Very recently I was talking to one of the doyens of Indian journalism and he said "Hey man, if you guys win Punjab, Indian politics will change!" I said "Sir, I don't know if politics will change or not, but yes, we are surely going to win Punjab with a massive majority." This was the man who in 2013 had prophesied much before anyone else that there would be a wave for Modi in UP. I did not believe him then, but the results proved his prophecy right. Modi won 72 out of 80 seats in UP. So if he says something like this about AAP, I have to believe him.
When another very senior editor, Shekhar Gupta, who has been very, very critical of AAP and the Anna Movement, writes two consecutive columns eulogizing AAP, then there has to be some truth to it. Shekhar recently wrote that even if AAP were to come second in terms of seats in Punjab, it would count as a national force. Not that AAP needs any certificate from sceptics, but this clearly underlines the simple fact that AAP as a party may be small, but it has a national appeal and its footprint is universal.
The victory in Delhi, in 2015, was hailed as a breath of fresh air, but it was also dubbed one of history's biggest flukes. I remember a year ago when I told another respected editor that we would win Punjab, he looked at me with contempt. The same gentleman has revised his opinion of late. And today, when the party says that AAP will contest elections in Gujarat and also in Rajasthan, I do not see the same dismissive reactions from the power elite. "Acceptance of the outliers" has been the great turning point of Indian political system in the last two years.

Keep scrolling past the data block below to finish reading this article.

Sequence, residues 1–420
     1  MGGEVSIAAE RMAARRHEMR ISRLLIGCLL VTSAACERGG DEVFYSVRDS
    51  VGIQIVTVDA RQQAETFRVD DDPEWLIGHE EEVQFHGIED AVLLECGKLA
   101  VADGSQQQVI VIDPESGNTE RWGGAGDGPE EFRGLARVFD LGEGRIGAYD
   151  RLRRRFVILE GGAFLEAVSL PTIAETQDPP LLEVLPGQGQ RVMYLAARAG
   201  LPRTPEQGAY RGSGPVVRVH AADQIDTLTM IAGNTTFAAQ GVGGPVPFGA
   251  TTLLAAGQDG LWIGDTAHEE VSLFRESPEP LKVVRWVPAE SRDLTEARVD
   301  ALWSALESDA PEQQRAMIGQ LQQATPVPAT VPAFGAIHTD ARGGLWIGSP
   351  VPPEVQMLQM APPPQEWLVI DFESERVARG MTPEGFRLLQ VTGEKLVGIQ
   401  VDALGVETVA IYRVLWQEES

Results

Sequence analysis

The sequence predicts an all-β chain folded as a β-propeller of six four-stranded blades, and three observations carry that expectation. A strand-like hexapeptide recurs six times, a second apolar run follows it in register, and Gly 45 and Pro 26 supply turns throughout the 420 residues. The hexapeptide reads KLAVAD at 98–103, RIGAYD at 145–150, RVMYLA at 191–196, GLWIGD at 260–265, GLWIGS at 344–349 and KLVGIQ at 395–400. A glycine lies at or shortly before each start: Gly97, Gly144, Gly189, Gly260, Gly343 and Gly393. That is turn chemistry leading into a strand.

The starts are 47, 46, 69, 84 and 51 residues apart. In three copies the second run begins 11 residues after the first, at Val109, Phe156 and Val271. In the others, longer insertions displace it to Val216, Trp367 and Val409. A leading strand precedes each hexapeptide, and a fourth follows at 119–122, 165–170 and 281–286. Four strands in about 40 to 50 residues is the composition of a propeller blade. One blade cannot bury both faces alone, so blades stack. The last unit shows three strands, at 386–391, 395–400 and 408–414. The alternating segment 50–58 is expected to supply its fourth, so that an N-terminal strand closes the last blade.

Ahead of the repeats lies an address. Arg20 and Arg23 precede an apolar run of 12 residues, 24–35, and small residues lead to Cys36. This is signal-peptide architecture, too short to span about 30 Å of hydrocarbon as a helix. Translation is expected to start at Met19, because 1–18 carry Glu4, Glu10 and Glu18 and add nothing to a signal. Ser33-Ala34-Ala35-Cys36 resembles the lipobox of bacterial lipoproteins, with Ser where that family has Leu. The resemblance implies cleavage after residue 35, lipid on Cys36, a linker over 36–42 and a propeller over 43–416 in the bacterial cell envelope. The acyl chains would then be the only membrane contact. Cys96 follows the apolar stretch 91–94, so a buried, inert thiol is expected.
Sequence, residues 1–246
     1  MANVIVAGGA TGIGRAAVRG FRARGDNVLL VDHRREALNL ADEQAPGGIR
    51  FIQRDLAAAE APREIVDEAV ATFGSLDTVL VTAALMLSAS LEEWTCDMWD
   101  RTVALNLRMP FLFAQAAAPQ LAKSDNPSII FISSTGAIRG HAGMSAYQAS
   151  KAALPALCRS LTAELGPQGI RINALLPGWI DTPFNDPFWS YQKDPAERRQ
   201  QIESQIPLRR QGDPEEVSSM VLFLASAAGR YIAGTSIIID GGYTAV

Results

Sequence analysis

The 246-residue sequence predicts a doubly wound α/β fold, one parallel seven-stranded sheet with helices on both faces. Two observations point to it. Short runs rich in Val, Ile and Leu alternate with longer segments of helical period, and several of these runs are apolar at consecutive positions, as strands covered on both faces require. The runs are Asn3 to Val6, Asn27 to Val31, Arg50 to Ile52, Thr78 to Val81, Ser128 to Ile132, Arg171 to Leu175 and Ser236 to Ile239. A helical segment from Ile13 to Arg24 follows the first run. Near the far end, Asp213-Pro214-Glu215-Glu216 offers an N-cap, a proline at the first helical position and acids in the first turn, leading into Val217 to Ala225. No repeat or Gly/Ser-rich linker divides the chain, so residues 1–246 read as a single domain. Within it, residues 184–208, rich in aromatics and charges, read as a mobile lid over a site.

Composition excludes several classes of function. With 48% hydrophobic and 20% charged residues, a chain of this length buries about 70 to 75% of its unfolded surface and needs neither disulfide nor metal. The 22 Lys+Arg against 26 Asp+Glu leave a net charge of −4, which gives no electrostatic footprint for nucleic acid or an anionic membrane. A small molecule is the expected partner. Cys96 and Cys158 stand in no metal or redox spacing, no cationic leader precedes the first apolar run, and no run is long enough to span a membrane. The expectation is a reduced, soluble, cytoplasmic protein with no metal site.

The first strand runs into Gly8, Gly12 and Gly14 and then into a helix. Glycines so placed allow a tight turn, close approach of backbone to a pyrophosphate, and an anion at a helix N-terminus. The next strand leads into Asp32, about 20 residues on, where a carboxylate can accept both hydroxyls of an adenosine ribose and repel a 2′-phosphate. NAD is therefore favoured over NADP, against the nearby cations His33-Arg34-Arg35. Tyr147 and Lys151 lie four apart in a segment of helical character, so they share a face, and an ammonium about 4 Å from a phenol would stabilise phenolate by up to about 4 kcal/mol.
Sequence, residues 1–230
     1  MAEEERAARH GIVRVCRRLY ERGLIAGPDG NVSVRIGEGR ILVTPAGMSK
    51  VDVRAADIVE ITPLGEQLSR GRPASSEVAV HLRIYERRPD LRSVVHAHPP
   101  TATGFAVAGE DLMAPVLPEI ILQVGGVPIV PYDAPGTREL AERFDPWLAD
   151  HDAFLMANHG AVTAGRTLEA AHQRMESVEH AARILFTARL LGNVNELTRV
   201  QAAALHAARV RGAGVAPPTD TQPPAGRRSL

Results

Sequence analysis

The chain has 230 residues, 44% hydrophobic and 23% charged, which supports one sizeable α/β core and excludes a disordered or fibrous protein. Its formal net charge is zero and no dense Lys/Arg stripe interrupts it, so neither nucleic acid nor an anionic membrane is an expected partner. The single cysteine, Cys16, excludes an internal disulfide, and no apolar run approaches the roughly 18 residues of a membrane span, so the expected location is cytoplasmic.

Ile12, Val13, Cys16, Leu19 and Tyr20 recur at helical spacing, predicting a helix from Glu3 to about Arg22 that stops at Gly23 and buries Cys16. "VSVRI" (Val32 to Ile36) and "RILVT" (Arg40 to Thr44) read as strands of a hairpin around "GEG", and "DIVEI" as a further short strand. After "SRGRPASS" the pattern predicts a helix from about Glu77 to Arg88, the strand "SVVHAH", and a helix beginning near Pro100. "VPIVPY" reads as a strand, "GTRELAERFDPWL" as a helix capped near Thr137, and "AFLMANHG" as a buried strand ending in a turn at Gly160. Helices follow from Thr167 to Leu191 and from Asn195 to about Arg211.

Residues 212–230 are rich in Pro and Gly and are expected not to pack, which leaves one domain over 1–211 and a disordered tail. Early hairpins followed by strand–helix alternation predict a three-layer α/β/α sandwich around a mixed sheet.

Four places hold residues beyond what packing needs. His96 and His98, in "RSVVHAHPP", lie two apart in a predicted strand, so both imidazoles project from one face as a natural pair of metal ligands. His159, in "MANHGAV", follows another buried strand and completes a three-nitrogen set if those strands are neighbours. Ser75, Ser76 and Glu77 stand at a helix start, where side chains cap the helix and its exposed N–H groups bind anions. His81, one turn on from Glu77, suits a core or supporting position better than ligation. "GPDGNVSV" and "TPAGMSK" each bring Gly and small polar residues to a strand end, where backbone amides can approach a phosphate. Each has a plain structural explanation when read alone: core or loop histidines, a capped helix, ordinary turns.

The last two years have been very turbulent for the Delhi government. The centre has done everything possible to destabilise a duly elected government. The media has been extremely hostile. Every act of AAP has been minutely scrutinised, and AAP has been held responsible and blamed for everything - even that which is not in its jurisdiction. It was possibly a survival instinct which propelled the party to venture out of Delhi to explore new grounds in search of more political muscle power. Punjab and Goa were obvious choices.
Arvind Kejriwal's Aam Aadmi Party will contest the assembly elections in Gujarat - the home state of his political arch-rival Prime Minister Narendra Modi
Both the states were going to the polls in 2017 along with UP and Uttarakhand. Yes, there was temptation and pressure from the cadre to contest there too, but AAP had learnt lessons from its strategic mistake of the 2014 parliamentary elections when it decided to contest more than 400 seats. In Punjab, AAP had already won four Lok Sabha seats and the ground situation was ripe for another successful political experiment, while Goa with 11 lakh voters did not demand too much resources.
So the party decided to go for the kill in only these two states. The results will prove the point.
In Gujarat, the elections are due in December and next year in Rajasthan. Preparations on the ground are on in these two states along with some others. Gujarat is an obvious choice. After Punjab and Goa, the party has enough time and strength to consolidate its gains in Gujarat which is waiting for a new political alternative.
Like Delhi in 2013 and Punjab in 2017, there is a severe anti-incumbency against the BJP in Gujarat. The BJP has been in power in the state for the last 22 years. According to The Economist